UKA head coach Peter Eriksson denies bullying culture at UKA and says Jess Ennis will not be “punished” for her coach Toni Minichiello’s decisions
UK Athletics chief Peter Eriksson has said that Jessica Ennis will not feel the force of recent disagreements between the Olympic heptathlon gold medallist’s coach Toni Minichiello and the governing body.
Minichiello was made redundant from his full-time job with the governing body last month after his previous four-year contract expired, despite his success in coaching Ennis to heptathlon gold in London last summer.
He has since turned down the offer of a part-time consultancy contract and has accused UKA of “a lack of respect ” and noted the “bullying culture” under Eriksson’s predecessor, Charles van Commenee, in the last Olympic cycle.
Eriksson has said he knew nothing of any bullying taking place and has confirmed that Ennis will not be “punished” for the decision of Minichiello, who was voted 2012 UK coach of the year, to cut ties with the governing body.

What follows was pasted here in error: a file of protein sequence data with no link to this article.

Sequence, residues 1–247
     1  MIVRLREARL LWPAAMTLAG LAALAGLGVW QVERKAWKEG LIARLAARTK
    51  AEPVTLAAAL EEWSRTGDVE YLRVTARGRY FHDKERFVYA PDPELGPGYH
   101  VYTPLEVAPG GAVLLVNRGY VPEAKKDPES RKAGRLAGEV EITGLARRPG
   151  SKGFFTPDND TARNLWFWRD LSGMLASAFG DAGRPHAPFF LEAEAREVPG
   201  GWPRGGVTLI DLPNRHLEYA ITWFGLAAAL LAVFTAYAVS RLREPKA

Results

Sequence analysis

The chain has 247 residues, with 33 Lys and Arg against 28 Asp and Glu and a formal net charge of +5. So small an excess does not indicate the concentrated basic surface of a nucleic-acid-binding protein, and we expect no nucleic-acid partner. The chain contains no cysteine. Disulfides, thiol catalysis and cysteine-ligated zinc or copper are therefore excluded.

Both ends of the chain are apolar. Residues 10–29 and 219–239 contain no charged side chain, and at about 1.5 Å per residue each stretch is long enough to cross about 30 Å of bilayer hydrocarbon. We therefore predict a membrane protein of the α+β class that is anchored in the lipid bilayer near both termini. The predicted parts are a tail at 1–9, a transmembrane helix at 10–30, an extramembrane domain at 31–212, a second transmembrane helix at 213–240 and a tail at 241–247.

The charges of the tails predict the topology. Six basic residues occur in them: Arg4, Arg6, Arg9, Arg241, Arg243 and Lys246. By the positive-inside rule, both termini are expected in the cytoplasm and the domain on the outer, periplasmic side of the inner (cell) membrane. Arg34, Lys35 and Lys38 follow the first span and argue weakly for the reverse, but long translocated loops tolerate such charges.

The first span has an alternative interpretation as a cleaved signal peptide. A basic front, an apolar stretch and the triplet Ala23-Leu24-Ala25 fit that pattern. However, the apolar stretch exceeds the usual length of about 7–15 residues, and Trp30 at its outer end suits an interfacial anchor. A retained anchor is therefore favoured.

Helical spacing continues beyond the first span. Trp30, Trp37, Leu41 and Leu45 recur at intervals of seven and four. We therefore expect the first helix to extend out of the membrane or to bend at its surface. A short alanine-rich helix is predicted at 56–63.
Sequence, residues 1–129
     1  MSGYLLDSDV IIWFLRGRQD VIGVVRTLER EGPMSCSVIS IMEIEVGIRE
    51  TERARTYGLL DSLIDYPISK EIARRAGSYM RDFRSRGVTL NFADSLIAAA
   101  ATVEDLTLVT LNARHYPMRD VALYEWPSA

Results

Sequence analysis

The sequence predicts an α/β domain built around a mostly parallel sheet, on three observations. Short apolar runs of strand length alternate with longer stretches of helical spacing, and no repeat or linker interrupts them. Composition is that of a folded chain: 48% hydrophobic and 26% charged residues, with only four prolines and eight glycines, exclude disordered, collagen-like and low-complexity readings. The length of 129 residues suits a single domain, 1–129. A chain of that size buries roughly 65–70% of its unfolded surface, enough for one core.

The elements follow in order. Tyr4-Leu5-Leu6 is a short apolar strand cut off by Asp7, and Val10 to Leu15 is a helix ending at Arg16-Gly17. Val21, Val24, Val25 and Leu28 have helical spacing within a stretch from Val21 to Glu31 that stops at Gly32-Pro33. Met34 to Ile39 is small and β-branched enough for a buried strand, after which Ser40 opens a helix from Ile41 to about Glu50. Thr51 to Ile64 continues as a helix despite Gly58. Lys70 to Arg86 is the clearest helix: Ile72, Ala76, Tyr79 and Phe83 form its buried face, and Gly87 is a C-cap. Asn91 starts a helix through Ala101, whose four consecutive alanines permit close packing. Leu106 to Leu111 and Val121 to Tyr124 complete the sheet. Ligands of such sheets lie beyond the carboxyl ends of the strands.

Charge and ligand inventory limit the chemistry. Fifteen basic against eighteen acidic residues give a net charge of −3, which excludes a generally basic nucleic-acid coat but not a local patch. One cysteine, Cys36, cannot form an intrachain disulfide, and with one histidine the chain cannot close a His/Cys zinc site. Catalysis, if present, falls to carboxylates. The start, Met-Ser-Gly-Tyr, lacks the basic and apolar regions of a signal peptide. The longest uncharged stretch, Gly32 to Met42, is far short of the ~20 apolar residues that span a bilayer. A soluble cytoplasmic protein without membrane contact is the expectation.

“This is nothing we punish anybody for,” said Eriksson, “rather the other way round that we will make sure she has what it takes.”
Minichiello falls outside new criteria for UKA funding requiring coaches to be based at its High Performance Centre in Loughborough unless they train a group including more than one Olympic or World Championship medallist. With Minichiello not wanting to move Ennis from Sheffield, UKA offered the coach the consultancy role, but those talks have broken down.
As a result, Ennis joins fellow London 2012 gold medallists Mo Farah and Greg Rutherford in having a coach that is not directly employed by UKA.
The 27-year-old, who is missing the indoor season this year to focus on the World Championships later this summer, may now fund Minichiello herself as she seeks to recapture her world title.
In other UKA news, Simon Nathan, former head of performance operations at the governing body, has been named as the new high performance director of Athletics Australia.
Nathan resigned from UKA, where he had worked since 2003 and was also a member of the UK Athletics Olympic Task Force, last week in order to accept the position at Athletics Australia. He is expected to start in his new Melbourne-based role in mid-March.